by Norman Solomon
Three and a half years ago, some key information about U.N. weapons inspectors in Iraq briefly surfaced on the front pages of American newspapers -- and promptly vanished. Now, with righteous war drums beating loudly in Washington, let's reach deep down into the news media's Orwellian memory hole and retrieve the story.
"U.S. Spied on Iraq Under U.N. Cover, Officials Now Say," a front-page New York Times headline announced on Jan. 7, 1999. The article was unequivocal: "United States officials said today that American spies had worked undercover on teams of United Nations arms inspectors ferreting out secret Iraqi weapons programs.... By being part of the team, the Americans gained a first-hand knowledge of the investigation and a protected presence inside Baghdad."
A day later, a follow-up Times story pointed out: "Reports that the United States used the United Nations weapons inspectors in Iraq as cover for spying on Saddam Hussein are dimming any chances that the inspection system will survive."
With its credibility badly damaged by the spying, the U.N. inspection system did not survive. Another factor in its demise was the U.S. government's declaration that sanctions against Iraq would remain in place whether or not Baghdad fully complied with the inspection regimen.
But such facts don't assist the conditioned media reflex of blaming everything on Saddam Hussein. No matter how hard you search major American media databases of the last couple of years for mention of the spy caper, you'll come up nearly empty. George Orwell would have understood.
Instead of presenting a complete relevant summary of past events, mainstream U.S. journalists and politicians are glad to focus on tactical pros and cons of various aggressive military scenarios. While a few pundits raise cautious warning flags, even the most absurd Swiss-cheese rationales for violently forcing a "regime change" in Baghdad routinely pass without challenge.
In late July, a Wall Street Journal essay by a pair of ex-Justice Department attorneys claimed that the U.S. would be "fully within its rights" to attack Iraq and overthrow the regime -- based on "the customary international law doctrine of anticipatory self-defense." Of course, if we're now supposed to claim that "anticipatory self-defense" is a valid reason for starting a war, then the same excuse could be used by the Iraqi government to justify an attack on the United States (even setting aside the reality that the U.S. has been bombing "no fly zones" inside Iraq for years).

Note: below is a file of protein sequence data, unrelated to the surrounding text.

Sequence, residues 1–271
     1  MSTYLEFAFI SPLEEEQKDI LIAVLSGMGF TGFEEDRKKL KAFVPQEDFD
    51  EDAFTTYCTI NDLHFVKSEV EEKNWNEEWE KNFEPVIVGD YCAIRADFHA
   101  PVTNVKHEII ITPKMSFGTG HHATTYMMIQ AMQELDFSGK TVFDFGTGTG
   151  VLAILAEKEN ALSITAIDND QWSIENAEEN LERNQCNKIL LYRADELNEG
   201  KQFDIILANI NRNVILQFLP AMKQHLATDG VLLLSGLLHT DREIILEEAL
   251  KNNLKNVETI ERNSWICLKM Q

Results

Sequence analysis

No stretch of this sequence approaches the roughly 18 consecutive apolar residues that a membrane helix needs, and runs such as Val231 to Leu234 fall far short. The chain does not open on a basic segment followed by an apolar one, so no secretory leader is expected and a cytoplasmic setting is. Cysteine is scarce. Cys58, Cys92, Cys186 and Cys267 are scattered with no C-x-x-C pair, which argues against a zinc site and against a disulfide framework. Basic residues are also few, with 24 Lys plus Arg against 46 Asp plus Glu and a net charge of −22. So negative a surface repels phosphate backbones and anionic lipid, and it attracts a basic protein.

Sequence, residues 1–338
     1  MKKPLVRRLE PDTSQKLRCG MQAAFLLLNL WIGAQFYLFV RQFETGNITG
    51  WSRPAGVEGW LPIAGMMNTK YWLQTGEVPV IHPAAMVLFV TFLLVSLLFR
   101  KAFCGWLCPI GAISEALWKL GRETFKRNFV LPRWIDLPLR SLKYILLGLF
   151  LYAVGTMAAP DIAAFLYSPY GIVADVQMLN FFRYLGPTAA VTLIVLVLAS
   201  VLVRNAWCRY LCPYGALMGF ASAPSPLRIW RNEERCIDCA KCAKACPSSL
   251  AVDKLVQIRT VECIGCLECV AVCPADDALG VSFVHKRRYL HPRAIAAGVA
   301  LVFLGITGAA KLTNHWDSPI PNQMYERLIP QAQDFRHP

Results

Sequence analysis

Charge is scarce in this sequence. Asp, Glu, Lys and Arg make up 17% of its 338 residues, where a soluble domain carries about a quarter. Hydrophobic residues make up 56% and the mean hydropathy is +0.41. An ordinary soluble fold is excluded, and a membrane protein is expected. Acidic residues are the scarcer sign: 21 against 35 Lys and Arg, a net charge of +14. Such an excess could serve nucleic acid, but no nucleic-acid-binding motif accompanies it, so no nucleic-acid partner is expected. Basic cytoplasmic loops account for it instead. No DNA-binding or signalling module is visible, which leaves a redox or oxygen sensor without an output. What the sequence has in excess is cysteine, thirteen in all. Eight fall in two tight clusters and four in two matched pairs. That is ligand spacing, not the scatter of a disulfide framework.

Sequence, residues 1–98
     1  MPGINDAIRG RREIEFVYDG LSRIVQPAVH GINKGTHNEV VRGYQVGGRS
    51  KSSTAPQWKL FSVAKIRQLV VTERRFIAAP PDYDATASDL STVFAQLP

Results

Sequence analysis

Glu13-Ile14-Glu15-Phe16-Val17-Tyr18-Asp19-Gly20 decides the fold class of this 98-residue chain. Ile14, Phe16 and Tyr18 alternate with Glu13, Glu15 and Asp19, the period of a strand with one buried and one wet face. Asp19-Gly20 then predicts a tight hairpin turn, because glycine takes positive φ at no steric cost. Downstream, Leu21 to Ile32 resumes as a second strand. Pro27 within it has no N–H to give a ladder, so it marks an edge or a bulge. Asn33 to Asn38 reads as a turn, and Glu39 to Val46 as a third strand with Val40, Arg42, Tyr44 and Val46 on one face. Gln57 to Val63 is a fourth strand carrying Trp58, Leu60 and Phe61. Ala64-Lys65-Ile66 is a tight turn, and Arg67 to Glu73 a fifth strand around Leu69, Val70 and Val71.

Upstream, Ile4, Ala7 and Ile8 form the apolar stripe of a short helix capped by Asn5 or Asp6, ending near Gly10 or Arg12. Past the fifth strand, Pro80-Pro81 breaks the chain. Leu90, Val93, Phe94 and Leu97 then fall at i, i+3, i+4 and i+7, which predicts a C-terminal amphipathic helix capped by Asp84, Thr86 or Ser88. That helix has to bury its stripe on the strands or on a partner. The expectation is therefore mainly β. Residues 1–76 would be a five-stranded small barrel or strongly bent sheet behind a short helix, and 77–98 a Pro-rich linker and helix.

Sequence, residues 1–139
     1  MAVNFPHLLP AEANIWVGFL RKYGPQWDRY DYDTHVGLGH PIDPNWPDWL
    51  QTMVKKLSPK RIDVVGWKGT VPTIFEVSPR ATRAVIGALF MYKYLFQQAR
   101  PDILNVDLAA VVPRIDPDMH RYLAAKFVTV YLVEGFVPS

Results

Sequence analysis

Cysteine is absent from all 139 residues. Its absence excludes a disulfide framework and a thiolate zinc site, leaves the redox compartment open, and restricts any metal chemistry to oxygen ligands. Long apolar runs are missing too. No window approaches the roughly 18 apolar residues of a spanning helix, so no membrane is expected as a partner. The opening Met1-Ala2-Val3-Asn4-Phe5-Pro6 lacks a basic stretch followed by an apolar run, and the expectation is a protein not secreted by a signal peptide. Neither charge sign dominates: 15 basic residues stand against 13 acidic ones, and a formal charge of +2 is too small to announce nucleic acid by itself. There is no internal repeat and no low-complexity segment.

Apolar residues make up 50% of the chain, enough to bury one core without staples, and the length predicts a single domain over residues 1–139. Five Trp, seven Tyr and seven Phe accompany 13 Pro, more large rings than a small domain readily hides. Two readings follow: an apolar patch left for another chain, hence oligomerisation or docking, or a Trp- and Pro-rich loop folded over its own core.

Among the first to testify at the Senate Foreign Relations Committee's recent hearing on Iraq was "strategy scholar" Anthony Cordesman, a former Pentagon and State Department official. He participated in the tradition of touting another round of taxpayer-funded carnage as a laudable innovation -- "our first preemptive war."
Speaking alongside Cordesman was Richard Butler, the head of the U.N. weapons inspection program in Iraq at the time that it was spying for Washington. At the Senate hearing, Butler suggested that perhaps the Russian government could be induced to tell Baghdad: "You will do serious arms control or you're toast."
Like countless other officials treated with great deference by the national press corps, Butler strives to seem suave and clever as he talks up the wisdom of launching high-tech attacks certain to incinerate troops and civilians. As a matter of routine, U.S. journalists are too discreet to bring up unpleasant pieces of history that don't fit in with the slanted jigsaw picture of American virtue.
With many foreign-policy issues, major news outlets demonstrate a remarkable ability to downplay or totally jettison facts that Washington policymakers don't want to talk about. The spy story that broke in early 1999 is a case in point. But the brief flurry of critical analysis that occurred at the time should now be revisited.
"That American spies have operations in Iraq should be no surprise," a Hartford Courant editorial said on Jan. 10, 1999. "That the spies are using the United Nations as a cover is deplorable."
While noting "Saddam Hussein's numerous complaints that U.N. inspection teams included American spies were apparently not
imaginary," the newspaper mentioned that the espionage operatives" planted eavesdropping devices in hopes of monitoring forces that guarded Mr. Hussein as well as searching for hidden arms stockpiles."
The U.S. news media quickly lost interest in that story. We should ask why.
Norman Solomon's latest book is The Habits of Highly Deceptive Media. His syndicated column focuses on media and politics. Email: email@example.com